MANILA, Philippines – Not only did Ombudsman Conchita Carpio Morales dismiss from service Cebu 3rd District Representative Gwendolyn Garcia, she also barred her from holding any future public office.
Garcia said she will avail of all legal remedies, including the Aguinaldo or condonation doctrine, which she cited in several interviews. If she goes to the Court of Appeals (CA), there are precedents she may be able to use too.
Tough challenges lie ahead, however, including her eligibility to run in 2019.
Remember that Garcia holed herself up at the Cebu capitol and refused to leave when she was suspended as governor in 2012. She is no stranger to fights.
An independent House
Garcia, who rose to prominence in the Duterte administration as the House’s straight-talking deputy speaker, now enjoys the protection of the lower chamber’s “independence”.
House Speaker Pantaleon Alvarez insists that only the House can discipline its members and that he will “definitely not” dismiss his deputy based on this:
SECTION 16 (3), Article VI of the Constitution
Each House may determine the rules of its proceedings, punish its Members for disorderly behavior, and, with the concurrence of two-thirds of all its Members, suspend or expel a Member.
“Not an order of the Ombudsman, but by two-thirds vote of all the members of this independent House of Representatives,” Garcia said in a privilege speech on Wednesday, February 14.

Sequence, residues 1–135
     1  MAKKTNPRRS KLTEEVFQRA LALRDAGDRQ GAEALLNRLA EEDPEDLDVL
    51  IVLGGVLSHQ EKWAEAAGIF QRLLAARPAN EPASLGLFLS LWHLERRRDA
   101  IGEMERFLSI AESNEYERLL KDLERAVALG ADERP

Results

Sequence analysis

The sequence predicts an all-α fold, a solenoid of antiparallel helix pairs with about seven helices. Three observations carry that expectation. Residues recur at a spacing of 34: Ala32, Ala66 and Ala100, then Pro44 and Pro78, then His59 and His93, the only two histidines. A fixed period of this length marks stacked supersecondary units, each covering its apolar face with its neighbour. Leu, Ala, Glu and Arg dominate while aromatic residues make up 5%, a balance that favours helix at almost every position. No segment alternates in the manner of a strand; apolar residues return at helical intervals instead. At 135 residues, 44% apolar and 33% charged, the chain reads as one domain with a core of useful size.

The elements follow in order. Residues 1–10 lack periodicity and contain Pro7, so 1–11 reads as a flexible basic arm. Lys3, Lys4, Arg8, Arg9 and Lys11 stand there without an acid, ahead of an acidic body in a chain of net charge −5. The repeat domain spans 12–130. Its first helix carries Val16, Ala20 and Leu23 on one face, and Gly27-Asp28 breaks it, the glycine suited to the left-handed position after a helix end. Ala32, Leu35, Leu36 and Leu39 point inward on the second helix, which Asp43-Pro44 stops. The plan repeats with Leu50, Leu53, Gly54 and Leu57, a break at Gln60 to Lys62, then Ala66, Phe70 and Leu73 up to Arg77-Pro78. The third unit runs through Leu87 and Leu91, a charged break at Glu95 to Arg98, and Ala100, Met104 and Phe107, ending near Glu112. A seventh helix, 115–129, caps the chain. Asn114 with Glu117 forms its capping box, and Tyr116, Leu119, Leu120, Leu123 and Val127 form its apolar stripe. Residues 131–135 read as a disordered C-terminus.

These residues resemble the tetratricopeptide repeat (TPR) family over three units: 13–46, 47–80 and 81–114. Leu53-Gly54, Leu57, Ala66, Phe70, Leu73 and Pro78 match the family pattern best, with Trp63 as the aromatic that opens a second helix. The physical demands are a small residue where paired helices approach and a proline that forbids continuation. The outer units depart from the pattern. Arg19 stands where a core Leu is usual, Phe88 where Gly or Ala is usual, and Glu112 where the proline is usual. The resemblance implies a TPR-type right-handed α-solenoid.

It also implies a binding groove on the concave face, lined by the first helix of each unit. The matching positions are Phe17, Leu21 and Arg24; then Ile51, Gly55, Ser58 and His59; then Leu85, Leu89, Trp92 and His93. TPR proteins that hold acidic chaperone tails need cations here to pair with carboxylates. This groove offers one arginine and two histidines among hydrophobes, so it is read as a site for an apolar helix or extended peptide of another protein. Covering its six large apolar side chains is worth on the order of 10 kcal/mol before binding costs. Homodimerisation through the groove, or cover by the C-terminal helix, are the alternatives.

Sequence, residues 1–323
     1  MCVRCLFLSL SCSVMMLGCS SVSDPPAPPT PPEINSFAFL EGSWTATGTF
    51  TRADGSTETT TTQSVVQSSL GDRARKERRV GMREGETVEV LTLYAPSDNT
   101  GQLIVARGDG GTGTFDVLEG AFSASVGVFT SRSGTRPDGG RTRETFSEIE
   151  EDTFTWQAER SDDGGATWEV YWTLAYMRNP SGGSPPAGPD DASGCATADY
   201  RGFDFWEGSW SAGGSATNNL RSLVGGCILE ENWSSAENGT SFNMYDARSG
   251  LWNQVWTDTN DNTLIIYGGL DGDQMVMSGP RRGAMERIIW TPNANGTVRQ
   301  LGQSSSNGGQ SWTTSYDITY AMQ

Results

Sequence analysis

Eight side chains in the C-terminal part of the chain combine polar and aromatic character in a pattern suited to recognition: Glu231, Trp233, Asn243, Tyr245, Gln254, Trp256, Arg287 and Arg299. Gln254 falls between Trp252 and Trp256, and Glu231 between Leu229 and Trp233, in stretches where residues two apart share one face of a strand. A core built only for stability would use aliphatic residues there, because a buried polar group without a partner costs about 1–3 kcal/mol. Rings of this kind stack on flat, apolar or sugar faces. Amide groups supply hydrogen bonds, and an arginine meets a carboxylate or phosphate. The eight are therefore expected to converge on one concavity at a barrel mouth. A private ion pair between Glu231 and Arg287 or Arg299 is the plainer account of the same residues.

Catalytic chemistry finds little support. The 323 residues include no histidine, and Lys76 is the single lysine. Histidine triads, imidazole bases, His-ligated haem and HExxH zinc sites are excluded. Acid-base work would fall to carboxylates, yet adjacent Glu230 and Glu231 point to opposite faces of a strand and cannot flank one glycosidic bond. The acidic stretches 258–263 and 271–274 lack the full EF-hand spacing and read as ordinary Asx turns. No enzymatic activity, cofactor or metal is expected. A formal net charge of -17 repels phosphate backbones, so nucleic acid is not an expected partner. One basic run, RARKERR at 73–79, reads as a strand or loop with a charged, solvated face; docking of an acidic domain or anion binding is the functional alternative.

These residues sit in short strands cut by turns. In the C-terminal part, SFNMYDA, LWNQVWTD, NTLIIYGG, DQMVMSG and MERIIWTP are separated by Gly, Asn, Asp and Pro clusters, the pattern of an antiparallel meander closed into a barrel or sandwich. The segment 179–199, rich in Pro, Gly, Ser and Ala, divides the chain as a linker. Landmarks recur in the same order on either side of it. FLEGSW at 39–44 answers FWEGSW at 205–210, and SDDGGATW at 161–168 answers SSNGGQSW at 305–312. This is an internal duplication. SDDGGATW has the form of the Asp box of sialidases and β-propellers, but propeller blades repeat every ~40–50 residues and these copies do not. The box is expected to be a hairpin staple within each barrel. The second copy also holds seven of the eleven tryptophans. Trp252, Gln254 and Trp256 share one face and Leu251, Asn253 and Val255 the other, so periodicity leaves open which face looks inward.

This follows the precedent of the Senate, which also refused to dismiss Senator Joel Villanueva, despite an order from Morales to sack him over the pork barrel scam.
Article XI of the Constitution, however, specifies under Accountability of Public Officers, that the Ombudsman may: “Direct the officer concerned to take appropriate action against a public official or employee at fault, and recommend his removal, suspension, demotion, fine, censure, or prosecution, and ensure compliance therewith.”
Going by this provision, the power could be interpreted as being purely recommendatory.
The answer to whether or not the House can ignore the dismissal order lies in the Senate: Villanueva is still a sitting senator.
However, there is a major difference between Villanueva and Garcia, and that is timing.
The dismissal order against Villanueva came in November 2016, only months after he was elected, with his 6-year-term ahead of him.
Garcia’s term ends next year, and the filing of certificates of candidacy (COC) for whatever post is already this October.
Can the Comelec stop her from running?
In a radio interview, Garcia linked the dismissal order to her rivals in Cebu, where she served 3 terms as governor. She is taking the dismissal order as a dare.
“Now that the Ombudsman has come up with this very shocking ruling really intending to take me out of the race, I am really having serious thoughts [about] running as governor,” Garcia told GMA’s Super Radyo dzBB. (READ: Garcia questions ‘timing’ of dismissal: Ombudsman ‘singled me out’)
As Morales has said in her decision, and pursuant to Section 52 of the revised rules on administrative cases in the civil service, a dismissal carries with it “perpetual disqualification from holding public office.”
Can the Commission on Elections (Comelec) stop her from running? It’s a gray area, said election lawyer Emil Marañon III.
“If Gwen Garcia files a COC for the 2019 elections, her candidacy can be questioned by a Petition for Disqualification, or alternatively, a Petition to Deny Course,” Marañon said.
Marañon added: “But we have to note that for those grounds to be valid, the dismissal order has to be final and executory.”
The Ombudsman’s orders are always executory, even if they are appealed. That’s under Rule 3, Section 7 of their Rules of Procedure.